Cerebral Cortex and Thalamus Connection, and Autism

New research suggests a method to target autism at even earlier stages of development. The study, lead by San Diego State University and University of California San Diego Joint Doctoral student Aarti Nari and San Diego State University psychology professor Ralph-Axel Müller utilized “functional and anatomical magnetic resonance imaging methods along with diffusion tensor imaging,” [1] to examine a relationship between the cerebral cortex and thalamus, and its relevance to autism.

The cerebral cortex is the outermost sheet of neural tissue of the brain, covering the cerebrum and cerebellum, and divided into left and right hemispheres. This part of the brain is important for memory, attention, language, and awareness. The thalamus is located in between the cerebral cortex and the midbrain, responsible for relaying sensory and motor signals to the cerebral cortex. This in-depth study looking at the thalamus is the first of its kind in autism research, as it is quite difficult to observe due to its placement.

The study involved 50 children, aged 9-17, and yielded reduced connections between the cerebral cortex and thalamus in the children with autism. As we all learned in biology and anatomy classes, the cerebral cortex acts as a map, and the connection between the two tells the cerebral cortex how to “specialize.” Having a reduced connection between the cerebral cortex and thalamus can result in decreased skill in motor control, a common sign of autism.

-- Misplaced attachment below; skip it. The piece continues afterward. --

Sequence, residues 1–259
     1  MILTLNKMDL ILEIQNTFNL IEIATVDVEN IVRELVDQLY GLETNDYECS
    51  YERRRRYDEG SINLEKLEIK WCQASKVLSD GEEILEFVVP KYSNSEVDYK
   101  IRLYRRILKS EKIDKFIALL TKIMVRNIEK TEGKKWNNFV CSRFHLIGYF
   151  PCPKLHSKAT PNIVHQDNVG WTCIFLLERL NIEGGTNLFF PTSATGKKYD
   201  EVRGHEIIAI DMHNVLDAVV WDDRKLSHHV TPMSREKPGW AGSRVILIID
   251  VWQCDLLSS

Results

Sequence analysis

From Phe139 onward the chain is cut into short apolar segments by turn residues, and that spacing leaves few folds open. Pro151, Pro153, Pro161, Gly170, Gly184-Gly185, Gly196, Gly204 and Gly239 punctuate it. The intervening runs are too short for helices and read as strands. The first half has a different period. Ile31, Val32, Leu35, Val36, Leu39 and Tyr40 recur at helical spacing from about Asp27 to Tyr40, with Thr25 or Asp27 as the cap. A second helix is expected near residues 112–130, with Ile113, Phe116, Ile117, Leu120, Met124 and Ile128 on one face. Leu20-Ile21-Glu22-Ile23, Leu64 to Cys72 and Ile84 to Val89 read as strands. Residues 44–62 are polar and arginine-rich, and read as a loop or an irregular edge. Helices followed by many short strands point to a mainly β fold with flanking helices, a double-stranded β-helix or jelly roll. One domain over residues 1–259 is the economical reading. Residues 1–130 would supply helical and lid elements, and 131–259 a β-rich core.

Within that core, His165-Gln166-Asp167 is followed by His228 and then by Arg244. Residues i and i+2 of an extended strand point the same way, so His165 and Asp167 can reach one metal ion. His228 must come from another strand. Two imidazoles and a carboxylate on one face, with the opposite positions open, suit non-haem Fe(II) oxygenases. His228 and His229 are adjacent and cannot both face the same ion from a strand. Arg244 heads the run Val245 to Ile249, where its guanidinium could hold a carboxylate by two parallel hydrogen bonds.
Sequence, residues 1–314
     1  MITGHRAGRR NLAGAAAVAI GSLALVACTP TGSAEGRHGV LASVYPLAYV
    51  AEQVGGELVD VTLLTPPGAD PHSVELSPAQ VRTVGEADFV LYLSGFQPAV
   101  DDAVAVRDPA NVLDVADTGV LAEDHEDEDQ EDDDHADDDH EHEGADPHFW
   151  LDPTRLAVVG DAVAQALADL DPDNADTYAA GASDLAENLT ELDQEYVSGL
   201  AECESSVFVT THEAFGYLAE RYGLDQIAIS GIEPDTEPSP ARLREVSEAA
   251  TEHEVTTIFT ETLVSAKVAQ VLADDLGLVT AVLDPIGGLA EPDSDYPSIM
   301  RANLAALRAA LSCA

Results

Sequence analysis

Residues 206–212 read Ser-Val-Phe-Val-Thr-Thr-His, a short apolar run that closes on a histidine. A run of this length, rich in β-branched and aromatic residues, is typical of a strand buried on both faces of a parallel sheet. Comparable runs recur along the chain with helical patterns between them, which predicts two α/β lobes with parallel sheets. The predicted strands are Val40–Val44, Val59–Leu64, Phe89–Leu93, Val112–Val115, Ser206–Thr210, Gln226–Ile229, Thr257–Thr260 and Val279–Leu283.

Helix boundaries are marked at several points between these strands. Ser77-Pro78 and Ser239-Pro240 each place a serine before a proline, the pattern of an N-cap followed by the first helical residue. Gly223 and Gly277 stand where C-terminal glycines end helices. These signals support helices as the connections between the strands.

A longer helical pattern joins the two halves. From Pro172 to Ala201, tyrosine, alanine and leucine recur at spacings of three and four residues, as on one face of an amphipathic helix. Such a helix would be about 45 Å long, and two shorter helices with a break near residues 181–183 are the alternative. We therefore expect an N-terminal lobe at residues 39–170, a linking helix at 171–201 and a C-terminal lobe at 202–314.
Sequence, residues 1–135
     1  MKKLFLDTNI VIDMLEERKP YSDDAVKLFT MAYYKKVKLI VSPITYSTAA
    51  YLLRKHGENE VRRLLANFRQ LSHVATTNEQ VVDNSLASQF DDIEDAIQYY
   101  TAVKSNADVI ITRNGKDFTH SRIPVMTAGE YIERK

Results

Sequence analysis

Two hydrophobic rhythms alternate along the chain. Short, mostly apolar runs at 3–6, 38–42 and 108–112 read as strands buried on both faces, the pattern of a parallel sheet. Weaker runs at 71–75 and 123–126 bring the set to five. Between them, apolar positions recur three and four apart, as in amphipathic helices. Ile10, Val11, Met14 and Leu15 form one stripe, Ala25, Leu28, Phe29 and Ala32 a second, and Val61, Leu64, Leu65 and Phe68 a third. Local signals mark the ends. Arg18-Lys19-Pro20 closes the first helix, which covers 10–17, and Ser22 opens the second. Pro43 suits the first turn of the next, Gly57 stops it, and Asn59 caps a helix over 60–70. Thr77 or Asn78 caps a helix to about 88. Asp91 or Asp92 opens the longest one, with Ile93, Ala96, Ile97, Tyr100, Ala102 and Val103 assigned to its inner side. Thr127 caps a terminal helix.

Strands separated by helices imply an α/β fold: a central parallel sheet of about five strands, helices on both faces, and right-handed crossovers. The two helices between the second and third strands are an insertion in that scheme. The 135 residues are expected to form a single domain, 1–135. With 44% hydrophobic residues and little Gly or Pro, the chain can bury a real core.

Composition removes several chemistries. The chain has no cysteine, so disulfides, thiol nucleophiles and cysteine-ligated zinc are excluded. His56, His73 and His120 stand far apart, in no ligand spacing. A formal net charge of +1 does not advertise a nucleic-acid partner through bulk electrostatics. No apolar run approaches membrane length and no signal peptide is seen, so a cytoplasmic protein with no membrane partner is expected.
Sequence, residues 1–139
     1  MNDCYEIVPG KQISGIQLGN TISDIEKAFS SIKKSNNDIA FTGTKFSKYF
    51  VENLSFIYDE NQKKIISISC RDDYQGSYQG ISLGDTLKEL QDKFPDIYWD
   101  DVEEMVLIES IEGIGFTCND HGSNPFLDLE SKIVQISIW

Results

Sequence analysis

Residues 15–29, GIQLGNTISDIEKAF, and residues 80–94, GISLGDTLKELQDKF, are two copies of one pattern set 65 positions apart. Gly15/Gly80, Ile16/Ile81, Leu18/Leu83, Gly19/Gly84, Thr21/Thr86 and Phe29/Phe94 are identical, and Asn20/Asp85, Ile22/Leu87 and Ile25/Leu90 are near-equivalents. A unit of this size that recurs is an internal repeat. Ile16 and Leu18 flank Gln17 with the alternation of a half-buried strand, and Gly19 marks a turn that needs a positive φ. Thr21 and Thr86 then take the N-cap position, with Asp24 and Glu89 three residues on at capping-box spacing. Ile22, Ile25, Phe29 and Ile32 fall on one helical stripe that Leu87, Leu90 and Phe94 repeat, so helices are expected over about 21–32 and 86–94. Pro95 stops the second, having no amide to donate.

Nari commented on the findings, explaining that there is currently a large focus in autism research on sensory motor skills, so this study “could potentially be utilized to devise an intervention or a type of neuro-feedback training to specifically target the thalamus, reducing future symptoms in autistic children.” As most researchers and professionals in the field would agree, early intervention is key to bettering the lives of children with autism, as the first few years of a child, especially ones with autism, are crucial and time-sensitive.

[1] “The Daily Aztec” Autism study’s practical potential. 08 Jul 2013. Web. < http://www.thedailyaztec.com/2013/07/autism-studys-practical-potential/>

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